Some one flagged Demnsey. who rushod back into the ring. Barbour was tinkling the bell and blowing the whistle and waving to Pecord.


The second round was beginning, and still Willard sat in his corner, and Dempsey, just back in the ring, stood irresolutely, hardly knowing what to do, and so, when more than two minutes had elapsed since the fallen champion was dragged to his corner, Willard stood up and walked unsteadily across the ring, hands in position ready to fignt again.

A man beside me, an oficial, was shouting, "the boob, the big boob." But Willard wasn't a boob. He was a whipped champion, who hadn't been counted out, who was ready to fight again. He went to Dempsey, and Dempsey met him with furious blows, trying desperately to put him down.

To the amusement of the crowd Willard refused to fall. His head was driven back nnd his distorted face became more distorted under the punishment, hut he wan going in. His one open eye glared with desperation. He crouched and hit with all the strength that was In him. Otto Floto, a Dempsey man on my right, shrieked "They'll get Jack licked. They'll get him licked" Wlllard's uppercuts drove Dempsey's head back again and again as they came together. Willard jabbed and hit as best he could, but the strength had gone out of him with the terrific batterlng of thn first round.


There wasn't a knockout in his big arm and solid fist, no matter how he landed.

I have said that Dempsey was over-trained. There's no doubt about it. Under the mauling and the strain of trying to put Willnrd down to stay he weakened and Willard began to fight better. It even seemed possible that through sheer desperate courage he might recover, but he was in fearful shape, his right eye closed, the whole side of his face puffed out.

His mouth opened as he gasped for breath. Dempsey steadied him again, sidestepped and turned away, only to flash back with deliberate blows that shook Willard no matter where they landed. Willard was desperate now. He felt the championship being torn from him. Hr know his only chance was to land one blow that might put Dempsey down, and he tried.

With all the heart that was in him, walking In without defense, hitting wildly, landing now and then, but almost always being driven back by Dempsey's faster travelling fists, he was hurled on the ropes, to hang there while Pecord begun to count again, for Wlllard's arms were down and his gloves on the floor. It seemed impossible for him to recover this time, but he did, and at the end of the second round Willard was fighting still. He caught Dempsey with a hard left on the jaw, and Dempsey's knees bent. He caught Dempsey with rights, straight rights and uppercuts. Dempsey was weary of putting that huge bulk down.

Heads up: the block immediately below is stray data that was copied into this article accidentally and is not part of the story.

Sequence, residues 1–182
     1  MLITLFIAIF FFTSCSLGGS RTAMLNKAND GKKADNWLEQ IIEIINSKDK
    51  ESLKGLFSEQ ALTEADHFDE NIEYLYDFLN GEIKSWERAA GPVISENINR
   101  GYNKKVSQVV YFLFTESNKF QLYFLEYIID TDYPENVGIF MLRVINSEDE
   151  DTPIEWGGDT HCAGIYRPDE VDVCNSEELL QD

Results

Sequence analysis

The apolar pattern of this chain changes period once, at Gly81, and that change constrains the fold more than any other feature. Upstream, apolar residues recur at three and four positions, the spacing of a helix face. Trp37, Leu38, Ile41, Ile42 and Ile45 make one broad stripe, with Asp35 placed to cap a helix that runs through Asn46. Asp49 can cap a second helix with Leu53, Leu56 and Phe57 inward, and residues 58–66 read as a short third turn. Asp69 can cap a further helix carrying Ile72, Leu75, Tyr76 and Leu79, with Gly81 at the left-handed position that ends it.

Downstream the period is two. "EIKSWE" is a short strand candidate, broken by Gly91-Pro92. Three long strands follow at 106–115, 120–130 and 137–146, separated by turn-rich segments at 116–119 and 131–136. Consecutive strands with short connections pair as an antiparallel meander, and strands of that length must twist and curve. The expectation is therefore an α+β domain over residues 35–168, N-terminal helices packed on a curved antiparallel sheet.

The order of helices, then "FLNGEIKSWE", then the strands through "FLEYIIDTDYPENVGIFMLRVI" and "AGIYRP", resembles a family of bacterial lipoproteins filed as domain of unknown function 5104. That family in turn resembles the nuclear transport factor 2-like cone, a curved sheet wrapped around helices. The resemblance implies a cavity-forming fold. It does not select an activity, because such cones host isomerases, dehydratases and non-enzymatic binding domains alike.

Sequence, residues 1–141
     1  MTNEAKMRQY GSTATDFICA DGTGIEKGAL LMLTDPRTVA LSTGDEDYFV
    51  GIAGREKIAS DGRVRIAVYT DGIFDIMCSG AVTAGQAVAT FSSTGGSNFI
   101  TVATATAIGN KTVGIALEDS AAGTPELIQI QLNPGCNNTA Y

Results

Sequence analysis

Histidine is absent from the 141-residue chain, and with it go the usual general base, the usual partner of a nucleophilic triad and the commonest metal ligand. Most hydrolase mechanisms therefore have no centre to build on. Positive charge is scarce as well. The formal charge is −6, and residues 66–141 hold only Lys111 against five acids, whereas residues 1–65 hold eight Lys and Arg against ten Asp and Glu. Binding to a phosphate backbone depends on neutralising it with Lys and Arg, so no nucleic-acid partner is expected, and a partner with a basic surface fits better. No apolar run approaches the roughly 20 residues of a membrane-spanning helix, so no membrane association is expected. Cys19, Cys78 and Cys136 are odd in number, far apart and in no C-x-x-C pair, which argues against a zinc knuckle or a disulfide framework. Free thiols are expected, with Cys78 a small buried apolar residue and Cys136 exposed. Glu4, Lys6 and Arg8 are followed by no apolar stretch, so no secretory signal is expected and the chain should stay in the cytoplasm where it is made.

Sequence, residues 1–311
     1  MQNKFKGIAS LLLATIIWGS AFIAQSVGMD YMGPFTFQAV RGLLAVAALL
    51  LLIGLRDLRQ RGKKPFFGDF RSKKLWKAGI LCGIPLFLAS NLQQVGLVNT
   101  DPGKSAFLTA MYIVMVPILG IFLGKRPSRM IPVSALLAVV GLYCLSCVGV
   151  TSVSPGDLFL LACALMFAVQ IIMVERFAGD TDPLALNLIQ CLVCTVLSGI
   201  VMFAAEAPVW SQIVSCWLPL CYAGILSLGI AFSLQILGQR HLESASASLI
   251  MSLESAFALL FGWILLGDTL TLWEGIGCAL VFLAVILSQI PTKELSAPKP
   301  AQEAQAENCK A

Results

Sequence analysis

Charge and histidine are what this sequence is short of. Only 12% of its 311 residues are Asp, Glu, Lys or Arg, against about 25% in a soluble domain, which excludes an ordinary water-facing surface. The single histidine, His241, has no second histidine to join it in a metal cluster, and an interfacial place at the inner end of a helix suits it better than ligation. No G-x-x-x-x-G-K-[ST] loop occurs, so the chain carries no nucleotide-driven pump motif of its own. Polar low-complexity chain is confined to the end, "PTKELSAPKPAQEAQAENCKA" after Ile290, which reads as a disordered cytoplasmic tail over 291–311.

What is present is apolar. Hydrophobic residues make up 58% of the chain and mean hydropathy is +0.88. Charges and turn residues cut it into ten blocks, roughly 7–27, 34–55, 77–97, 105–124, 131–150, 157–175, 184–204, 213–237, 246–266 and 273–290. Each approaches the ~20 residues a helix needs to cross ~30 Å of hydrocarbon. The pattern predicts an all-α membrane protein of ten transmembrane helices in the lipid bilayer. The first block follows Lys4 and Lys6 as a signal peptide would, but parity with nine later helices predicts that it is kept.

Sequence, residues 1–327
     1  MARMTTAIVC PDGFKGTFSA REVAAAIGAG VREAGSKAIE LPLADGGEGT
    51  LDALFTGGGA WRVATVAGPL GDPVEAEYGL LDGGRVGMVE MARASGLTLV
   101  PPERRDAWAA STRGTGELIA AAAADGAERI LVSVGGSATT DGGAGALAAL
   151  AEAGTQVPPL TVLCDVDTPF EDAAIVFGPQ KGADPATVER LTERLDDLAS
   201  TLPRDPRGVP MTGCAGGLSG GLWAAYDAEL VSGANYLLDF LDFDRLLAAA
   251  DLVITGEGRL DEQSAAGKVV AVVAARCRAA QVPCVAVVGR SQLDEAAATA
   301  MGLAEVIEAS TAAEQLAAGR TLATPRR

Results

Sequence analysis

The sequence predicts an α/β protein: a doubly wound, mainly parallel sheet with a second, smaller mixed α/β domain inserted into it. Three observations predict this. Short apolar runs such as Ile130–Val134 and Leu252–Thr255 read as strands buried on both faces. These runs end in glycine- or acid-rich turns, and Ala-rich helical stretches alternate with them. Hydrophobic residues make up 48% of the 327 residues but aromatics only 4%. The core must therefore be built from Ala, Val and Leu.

There was one minute's rest after this round. Barbour blew the whistle and Willard came out, a pitiable signt, to meet tne worst that Dempsey could do to him. I'll say that whatever else Willard may be, he is game.

Jack Dempsey has Indian blood in his veins, quartered with the Scotch and Irish, but I think that he pitied Willard and tried to end the fight without hurting him any more. He started this time with the deliberation, there was only cold calculation in the blows he struck. Perhaps like Fitzsimmons he thought a knockout the most merciful thing. Again and again he landed clean punches on Wlllard's chin and Willard, who had rallied, slowly lost his spred and could only paw out blindly. Dempsey had him in a corner, and with tne utmost deliberation measured him for the knockout blow. When he landed Willard held his feet. He lunged forward and struck out with all the strength he had, still trying to put over one hard blow,

Dempsey hammered him back and followed close. Willard was a fearful sight. It was then, I think, that his jaw was broken. Reeling around the ring, he sunk finally under a storm of blows, to sit on the floor looking up at the grim destroyer who stood looking down at him. There was no joy In Dempsey. He was just plain fighter, a victorious bull dog who would have had more expression, and then the round ended.

Again Wlllnrd was helped to his corner. His seconds were around him with smelling salts and all the rest of it, and the crowd around the ring was shouting to Pecord to "stop It." Pecord might have acted if Willard had come up again, but Ray Archer, his friend and adviser, turned and tossed the water soaked, blood stained towel of defeat into the middle of the ring. The fight was over and JacK Dempsey was champion of tne world.

This time Dempsey stayed in the ring, while a mad rush of admirers tore down the press benches and overturned the writers who sat at them. Willard, reeling to his feet, walked heavily across the ring to where Dempsey stood, reached out and took tne new champion's hand He tried to smile.